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Abu Dhabi, UAEFriday 19 October 2018

Europe's largest tech company eyes $1bn in revenues from the Middle East by 2020

SAP is banking on the explosive growth of cloud services to reach its target

Luka Mucic, chief financial officer and member of the board at SAP, sees immense potential in the UAE and Saudi Arabia markets.
Luka Mucic, chief financial officer and member of the board at SAP, sees immense potential in the UAE and Saudi Arabia markets.

SAP, Europe’s largest technology company, is aiming for $1 billion in revenues from the Middle East by 2020 as the company capitalises on the growing demand of cloud services in the region.

“Considering the potential in local economies and the extraordinary readiness to adopt technology, the Middle East will continue to serve as one of the fastest growing markets for SAP,” Luka Mucic, chief financial officer and member of the board at SAP, told The National. “And certainly there will be a good share of cloud in this growth.”

In the second quarter of this year, SAP's cloud and software revenues increased 10 per cent year-on-year in its Europe, Middle East and Africa markets. The size of the public cloud services market in the Middle East and Northern Africa (Mena) is expected to grow by more than 106 per cent, to $1.97 billion in 2020, up from $956m in 2016, according to Statista.

The UAE is a tech front-runner, with its IT market forecast to grow 20 per cent to $6.6bn by 2021 from $5.5bn in 2018, according to Fitch Solutions.

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The German-headquartered tech giant launched its UAE data centre, which houses secure servers for local cloud computing clients, in Dubai last month. This is the company’s third centre in the region, with others in Riyadh and Dammam in Saudi Arabia.

Over the last decade, SAP grew its Middle East business five-fold and has consistently maintained a compound annual growth rate of up to 30 per cent during the past few years, according to Mr Mucic.

The company has a five-year $200 million investment plan in the UAE that it launched last year and in Saudi Arabia it has a similar, but smaller, investment strategy of $82m to set up data centres and co-innovation labs where local companies can utilise SAP services in new technologies.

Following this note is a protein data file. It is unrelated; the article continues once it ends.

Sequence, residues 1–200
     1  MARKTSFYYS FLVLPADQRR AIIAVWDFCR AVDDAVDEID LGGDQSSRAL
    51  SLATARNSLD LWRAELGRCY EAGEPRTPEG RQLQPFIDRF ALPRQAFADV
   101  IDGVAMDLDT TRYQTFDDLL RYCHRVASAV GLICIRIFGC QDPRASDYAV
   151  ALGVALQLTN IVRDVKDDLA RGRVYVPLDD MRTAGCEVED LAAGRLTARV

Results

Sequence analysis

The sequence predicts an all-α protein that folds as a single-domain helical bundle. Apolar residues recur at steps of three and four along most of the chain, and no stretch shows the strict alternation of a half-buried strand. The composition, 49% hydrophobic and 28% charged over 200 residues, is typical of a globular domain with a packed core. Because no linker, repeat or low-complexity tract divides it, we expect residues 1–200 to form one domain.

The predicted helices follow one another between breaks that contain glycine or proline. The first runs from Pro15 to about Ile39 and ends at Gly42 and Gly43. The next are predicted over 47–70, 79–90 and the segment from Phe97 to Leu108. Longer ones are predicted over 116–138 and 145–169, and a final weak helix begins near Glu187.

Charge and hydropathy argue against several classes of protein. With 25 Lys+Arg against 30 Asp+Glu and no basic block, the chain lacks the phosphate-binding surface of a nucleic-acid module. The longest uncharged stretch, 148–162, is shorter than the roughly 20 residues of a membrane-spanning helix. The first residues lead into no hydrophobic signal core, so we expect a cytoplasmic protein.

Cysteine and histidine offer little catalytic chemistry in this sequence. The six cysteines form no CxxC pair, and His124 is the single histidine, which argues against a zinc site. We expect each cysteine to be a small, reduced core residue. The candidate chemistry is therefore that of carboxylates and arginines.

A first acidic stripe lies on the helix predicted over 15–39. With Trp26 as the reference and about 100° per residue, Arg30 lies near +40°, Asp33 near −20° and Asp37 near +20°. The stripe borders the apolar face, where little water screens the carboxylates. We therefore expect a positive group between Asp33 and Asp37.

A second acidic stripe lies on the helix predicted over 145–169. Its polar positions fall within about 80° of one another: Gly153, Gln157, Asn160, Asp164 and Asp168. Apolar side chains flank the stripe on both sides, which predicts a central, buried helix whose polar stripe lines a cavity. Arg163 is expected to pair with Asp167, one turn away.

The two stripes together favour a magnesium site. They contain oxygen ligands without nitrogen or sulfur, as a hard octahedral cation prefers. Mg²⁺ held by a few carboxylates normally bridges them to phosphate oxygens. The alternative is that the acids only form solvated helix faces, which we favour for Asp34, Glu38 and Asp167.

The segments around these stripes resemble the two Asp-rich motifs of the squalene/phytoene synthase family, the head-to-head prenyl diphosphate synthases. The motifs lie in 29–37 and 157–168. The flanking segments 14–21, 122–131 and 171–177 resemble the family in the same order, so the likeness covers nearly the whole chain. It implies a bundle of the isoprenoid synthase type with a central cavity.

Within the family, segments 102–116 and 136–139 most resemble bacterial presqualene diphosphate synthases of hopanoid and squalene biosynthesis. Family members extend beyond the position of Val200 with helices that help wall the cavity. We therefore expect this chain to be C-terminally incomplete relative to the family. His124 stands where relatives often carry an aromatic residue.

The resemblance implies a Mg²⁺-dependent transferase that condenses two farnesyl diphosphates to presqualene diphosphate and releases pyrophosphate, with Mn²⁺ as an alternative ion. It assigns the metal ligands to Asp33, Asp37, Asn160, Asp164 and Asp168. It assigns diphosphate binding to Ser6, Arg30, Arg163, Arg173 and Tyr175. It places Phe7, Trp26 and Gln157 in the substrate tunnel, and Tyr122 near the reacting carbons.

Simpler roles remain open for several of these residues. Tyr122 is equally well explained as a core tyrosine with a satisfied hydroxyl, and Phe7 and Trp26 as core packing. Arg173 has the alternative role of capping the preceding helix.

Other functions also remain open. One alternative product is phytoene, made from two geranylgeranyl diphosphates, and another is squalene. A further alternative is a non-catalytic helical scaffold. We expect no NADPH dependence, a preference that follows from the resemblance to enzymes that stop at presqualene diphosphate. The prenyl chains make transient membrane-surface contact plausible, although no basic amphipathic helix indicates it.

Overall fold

Globally, SAP competes with companies such as Salesforce.com and Oracle to offer cloud services. In the region, there are other major players coming on the scene.

Alibaba Cloud, the cloud computing arm of Chinese e-commerce group Alibaba, opened its first data centre in Dubai in November 2016 and announced plans to open its second this year.

Amazon Web Services has also signed an agreement with the Bahraini government to open at least three data centres by next year.

In March, Microsoft announced plans to open data centres in Dubai and Abu Dhabi, its first in the Middle East, as the software maker seeks to capitalise on the region’s growing demand for digitisation.

“We have a holistic growth plan in place. We have plans to open a co-innovation lab and our next generation technology space that we call ‘Leonardo Centre’ in our regional headquarters Dubai in the coming months,” said Mr Mucic.

Leonardo Centres offer physical spaces for companies and partners to explore how new technologies like Internet of Things, machine learning, blockchain, big data and cloud can help spur digital transformation. Currently, SAP has four such centres in Bangalore, New York, Paris, and Sao Leopoldo.

Unsurprisingly, companies from the oil and gas industry are among SAP's biggest clients in the Middle East, including Saudi Aramco, ADNOC and ENOC. But SAP is looking to diversify with new clients in other sectors.

“We are growing our presence in the retail and public sector. We see huge scope in smart city projects like Smart Dubai, and upcoming megaproject Neom,” said Mr Mucic.

Neom is a $500 billion (Dh1.8 trillion) futuristic business, industrial and tourism hub on Saudi Arabia's Red Sea being financed by the kingdom's sovereign wealth fund.